As a result of the Maui wildfire President Joe Biden’s declaration that the fires are a catastrophic catastrophe, the federal government will finance rescue efforts and recovery efforts.
Maui Wildfire: 1000 people are still missing
Locals were caught off guard when the extraordinary wildfires broke out on Tuesday. They were sparked by a dry summer and made worse by hurricane-force winds that were blowing nearby. The ancient town of Lahaina, the old capital of Hawaii, has been obliterated by the Maui wildfire, which has razed entire neighborhoods.
As of right now, the Maui wildfire is the state’s most prominent natural disaster since the Big Island was hit by a tsunami in 1960, which claimed 61 lives. The federal government will finance rescue efforts and recovery since President Joe Biden labeled the flames a major disaster.
Gov. Josh Green said that as long as search and rescue efforts go on, the death toll from the Maui wildfire will probably increase.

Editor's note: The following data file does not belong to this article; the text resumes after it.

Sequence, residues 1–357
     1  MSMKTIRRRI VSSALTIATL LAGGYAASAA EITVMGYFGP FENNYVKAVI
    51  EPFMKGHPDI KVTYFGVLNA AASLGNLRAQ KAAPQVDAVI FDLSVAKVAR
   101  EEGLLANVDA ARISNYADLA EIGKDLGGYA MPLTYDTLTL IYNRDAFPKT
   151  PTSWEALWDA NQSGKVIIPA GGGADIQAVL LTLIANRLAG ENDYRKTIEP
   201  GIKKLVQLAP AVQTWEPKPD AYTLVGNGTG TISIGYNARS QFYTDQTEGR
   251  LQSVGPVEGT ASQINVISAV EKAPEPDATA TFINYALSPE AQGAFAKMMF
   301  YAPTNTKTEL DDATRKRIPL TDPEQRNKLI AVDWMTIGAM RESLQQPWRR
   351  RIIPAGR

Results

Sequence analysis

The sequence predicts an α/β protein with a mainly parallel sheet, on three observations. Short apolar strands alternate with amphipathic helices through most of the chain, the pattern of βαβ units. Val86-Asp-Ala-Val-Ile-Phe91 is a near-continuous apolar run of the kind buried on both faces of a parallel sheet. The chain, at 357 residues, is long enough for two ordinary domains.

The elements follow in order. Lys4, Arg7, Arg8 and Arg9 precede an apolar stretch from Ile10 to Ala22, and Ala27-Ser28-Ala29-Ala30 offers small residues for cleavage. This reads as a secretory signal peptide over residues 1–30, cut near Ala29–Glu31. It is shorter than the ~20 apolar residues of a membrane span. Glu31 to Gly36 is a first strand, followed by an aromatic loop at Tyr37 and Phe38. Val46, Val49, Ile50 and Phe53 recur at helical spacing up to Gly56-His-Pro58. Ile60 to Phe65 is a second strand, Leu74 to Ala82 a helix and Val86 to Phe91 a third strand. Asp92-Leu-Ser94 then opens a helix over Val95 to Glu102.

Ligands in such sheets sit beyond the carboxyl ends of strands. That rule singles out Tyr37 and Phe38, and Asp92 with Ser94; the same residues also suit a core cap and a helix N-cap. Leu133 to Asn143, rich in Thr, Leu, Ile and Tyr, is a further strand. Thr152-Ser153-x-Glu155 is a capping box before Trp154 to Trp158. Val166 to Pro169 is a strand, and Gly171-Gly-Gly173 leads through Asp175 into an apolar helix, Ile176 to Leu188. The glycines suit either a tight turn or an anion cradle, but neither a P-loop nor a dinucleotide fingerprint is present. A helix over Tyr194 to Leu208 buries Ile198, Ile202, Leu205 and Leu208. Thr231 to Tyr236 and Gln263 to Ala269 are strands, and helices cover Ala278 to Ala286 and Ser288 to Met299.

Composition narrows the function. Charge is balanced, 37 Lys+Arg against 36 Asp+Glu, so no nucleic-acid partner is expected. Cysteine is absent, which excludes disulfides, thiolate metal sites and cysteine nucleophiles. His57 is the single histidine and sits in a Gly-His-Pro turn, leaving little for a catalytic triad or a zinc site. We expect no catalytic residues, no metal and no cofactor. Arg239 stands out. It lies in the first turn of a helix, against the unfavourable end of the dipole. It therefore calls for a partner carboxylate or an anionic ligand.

‘Like a bomb was dropped’ during the Maui Wildfire
Residents of Maui, some of whom managed to flee the flames on foot, questioned why the state’s renowned emergency warning system had not informed them as the fires rushed toward their homes. Green stated after touring the burned-out remains of the village with Maui Mayor Richard Bissen on Thursday morning, “Lahaina, with a few rare exceptions, has been burned down” due to the Maui wildfire.
However, many Lahaina survivors of the Maui wildfire said in interviews at evacuation centers that they didn’t hear any alarms and discovered they were in danger only when they heard or saw explosions close by.
Lahaina unquestionably feels like a bomb was dropped on it after the Maui wildfire emerged.